In accordance with a first aspect of this invention, an elongated malleable means is connected to and extends between the spools of the cable assembly to hold that assembly selectively in a range of curved positions. When used to anchor a seatbelt buckle to a vehicle structure, the position or shape of this cable assembly may easily be adjusted to vary the position, location, and orientation of the buckle. Different seatbelt buckles can be individually adjusted for different people to maximize the convenience with which each person can grab and operate the buckle of his or her seatbelt.

Pursuant to another part of the present invention, a high tensile wire is connected to and extends between the spools of the cable assembly to hold the cable assembly in a straight position. When used to connect a buckle of a seatbelt to a vehicle structure, this cable assembly inhibits inadvertent swinging or flexing of the seatbelt, insuring that the buckle is maintained in a fixed, straight position. At the same time, this cable assembly is very simple, inexpensive, and practical to make and install.

A BRIEF DESCRIPTION OF THE DRAWINGS

FIG. 1 illustrates a cable assembly constructed in accordance with the present invention.

FIG. 2 shows the cable assembly of FIG. 1 immediately prior to formation of the twisted, composite strand of that assembly.

FIG. 3 shows the elongated malleable means of the cable assembly in greater detail.

FIGS. 4 and 5 show first and second alternate elongated malleable means which may be used in this invention.

FIGS. 6 and 7 are front and side views respectively illustrating a particular application of the cable assembly shown in FIGS. 1 and 2.

FIG. 8 depicts another cable assembly also constructed in accordance with this invention.

FIG. 9 shows the cable assembly of FIG. 8 immediately prior to the formation of the twisted, composite strand of that assembly.

FIGS. 10 and 11 are front and side views respectively showing an application of the cable assembly illustrated in FIGS. 8 and 9.

A DETAILED DESCRIPTION OF THE PREFERRED EMODIMENTS

With particular reference to FIGS. 1 and 2, cable assembly 10 generally comprises first and second spaced bushings or spools 12 and 14, a continuous length of wire 16, and elongated malleable means 20. Continuous wire 16 is disposed alongside itself in a plurality of substantially overlaid runs of similar configuration. In the final assembly shown in FIG. 1, these runs describe a pair of spaced, closed loop sections 22 and 24. A first loop section 22 extends around first spool 12, and second loop section 24 extends around second spool 14. The runs of wire 16 also form a pair of corresponding intermediate sections 26 and 30 that, as shown in FIG. 1, are longitudinally twisted about each other into composite strand 32.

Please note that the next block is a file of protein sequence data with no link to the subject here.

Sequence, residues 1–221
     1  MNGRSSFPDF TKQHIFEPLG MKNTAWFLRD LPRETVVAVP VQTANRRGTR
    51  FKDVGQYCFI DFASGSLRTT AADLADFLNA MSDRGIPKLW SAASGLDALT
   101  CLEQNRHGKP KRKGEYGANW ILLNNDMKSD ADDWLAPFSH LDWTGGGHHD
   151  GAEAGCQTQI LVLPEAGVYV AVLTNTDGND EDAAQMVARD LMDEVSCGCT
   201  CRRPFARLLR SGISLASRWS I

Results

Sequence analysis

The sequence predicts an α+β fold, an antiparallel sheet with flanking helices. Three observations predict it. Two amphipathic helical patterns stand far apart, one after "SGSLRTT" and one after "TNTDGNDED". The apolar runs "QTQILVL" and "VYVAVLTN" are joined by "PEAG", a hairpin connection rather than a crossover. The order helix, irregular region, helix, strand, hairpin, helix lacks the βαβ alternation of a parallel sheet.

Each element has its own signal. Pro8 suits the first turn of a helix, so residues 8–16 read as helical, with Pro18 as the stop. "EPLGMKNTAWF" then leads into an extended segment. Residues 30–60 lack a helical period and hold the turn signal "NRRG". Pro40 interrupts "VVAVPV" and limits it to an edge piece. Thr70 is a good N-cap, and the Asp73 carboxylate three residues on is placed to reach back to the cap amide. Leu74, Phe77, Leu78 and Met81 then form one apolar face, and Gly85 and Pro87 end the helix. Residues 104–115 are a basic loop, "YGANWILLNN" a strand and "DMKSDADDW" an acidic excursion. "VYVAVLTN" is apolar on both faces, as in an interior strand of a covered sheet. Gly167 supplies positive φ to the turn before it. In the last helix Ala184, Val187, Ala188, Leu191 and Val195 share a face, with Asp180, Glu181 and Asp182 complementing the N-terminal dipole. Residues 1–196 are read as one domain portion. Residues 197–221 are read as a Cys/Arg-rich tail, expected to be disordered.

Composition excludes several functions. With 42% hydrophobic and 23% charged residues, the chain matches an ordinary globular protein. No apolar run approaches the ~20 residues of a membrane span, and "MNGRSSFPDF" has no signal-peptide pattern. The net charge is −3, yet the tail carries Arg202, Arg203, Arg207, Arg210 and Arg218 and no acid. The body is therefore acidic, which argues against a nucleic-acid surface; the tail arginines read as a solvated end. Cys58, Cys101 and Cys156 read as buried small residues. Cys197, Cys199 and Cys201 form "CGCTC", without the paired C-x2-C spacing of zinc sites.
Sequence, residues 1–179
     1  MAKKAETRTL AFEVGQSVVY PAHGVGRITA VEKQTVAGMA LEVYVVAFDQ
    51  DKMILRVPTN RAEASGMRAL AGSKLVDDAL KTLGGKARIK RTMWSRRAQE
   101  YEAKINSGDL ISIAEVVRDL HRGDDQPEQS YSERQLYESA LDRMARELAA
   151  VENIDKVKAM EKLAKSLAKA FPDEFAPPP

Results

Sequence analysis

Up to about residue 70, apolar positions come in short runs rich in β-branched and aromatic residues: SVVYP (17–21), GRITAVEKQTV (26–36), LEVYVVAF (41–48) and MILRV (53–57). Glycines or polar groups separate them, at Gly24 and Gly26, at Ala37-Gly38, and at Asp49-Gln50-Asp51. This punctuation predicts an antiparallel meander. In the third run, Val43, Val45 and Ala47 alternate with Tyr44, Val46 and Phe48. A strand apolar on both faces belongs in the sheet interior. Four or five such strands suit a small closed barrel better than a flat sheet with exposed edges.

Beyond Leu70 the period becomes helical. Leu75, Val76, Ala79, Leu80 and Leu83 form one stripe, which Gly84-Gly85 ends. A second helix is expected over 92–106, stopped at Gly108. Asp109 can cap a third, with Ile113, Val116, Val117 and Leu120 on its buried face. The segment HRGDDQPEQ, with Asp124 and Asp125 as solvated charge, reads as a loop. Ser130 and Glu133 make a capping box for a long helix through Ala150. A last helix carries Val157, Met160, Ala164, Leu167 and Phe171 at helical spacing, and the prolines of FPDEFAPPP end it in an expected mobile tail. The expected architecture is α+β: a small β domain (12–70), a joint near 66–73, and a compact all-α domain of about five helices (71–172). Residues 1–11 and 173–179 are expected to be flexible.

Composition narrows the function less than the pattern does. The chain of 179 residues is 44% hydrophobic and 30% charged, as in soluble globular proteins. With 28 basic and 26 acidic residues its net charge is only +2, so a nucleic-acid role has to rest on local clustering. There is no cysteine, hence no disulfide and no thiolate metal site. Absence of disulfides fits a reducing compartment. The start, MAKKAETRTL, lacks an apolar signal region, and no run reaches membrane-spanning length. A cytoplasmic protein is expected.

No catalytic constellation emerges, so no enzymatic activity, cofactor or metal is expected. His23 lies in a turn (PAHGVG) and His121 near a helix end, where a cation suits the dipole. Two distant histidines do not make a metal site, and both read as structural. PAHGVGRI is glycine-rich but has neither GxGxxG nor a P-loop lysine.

Wire 16 may be wrapped around end spools 12 and 14 and composite strand 32 may be formed from intermediate sections 26 and 30 in any suitable manner, for instance as explained in detail in U.S. Pat. No. 3,222,858. Because techniques and procedures for mounting and twisting wire 16 to form the final, assembled position shown in FIG. 1 are very well known, it is believed unnecessary to describe those techniques and procedures herein in detail.

Elongated malleable means 20 is connected to and extends between end spools 12 and 14 to hold cable assembly 10 selectively in a range of curved or bent positions. Malleable means 20 comprises a wire, preferably a mono-filament wire, of soft annealed steel. As is understood by those skilled in the art, such a wire can be manually forced into a bent or curved shape, and will maintain that shape for an indefinite time, until forced into another shape. The wire can be manipulated in this manner through a wide range of positions. Of course, as the soft annealed wire is forced into a curved position, the entire cable assembly 10 is also forced into a particular position; and the annealed wire maintains the whole cable assembly in that particular position until the wire and the cable assembly are forced into another position.

Malleable means 20 is connected to spools 12 and 14 and is secured in place within cable assembly 10 prior to the twisting of the intermediate sections 26 and 30 into composite strand 32. As intermediate sections 26 and 30 of wire 16 are twisted into composite strand 32, spools 12 and 14 rotate relative to each other, about the longitudinal axis of cable assembly 10, either to cause, or as a result of, the twisting of wire 16.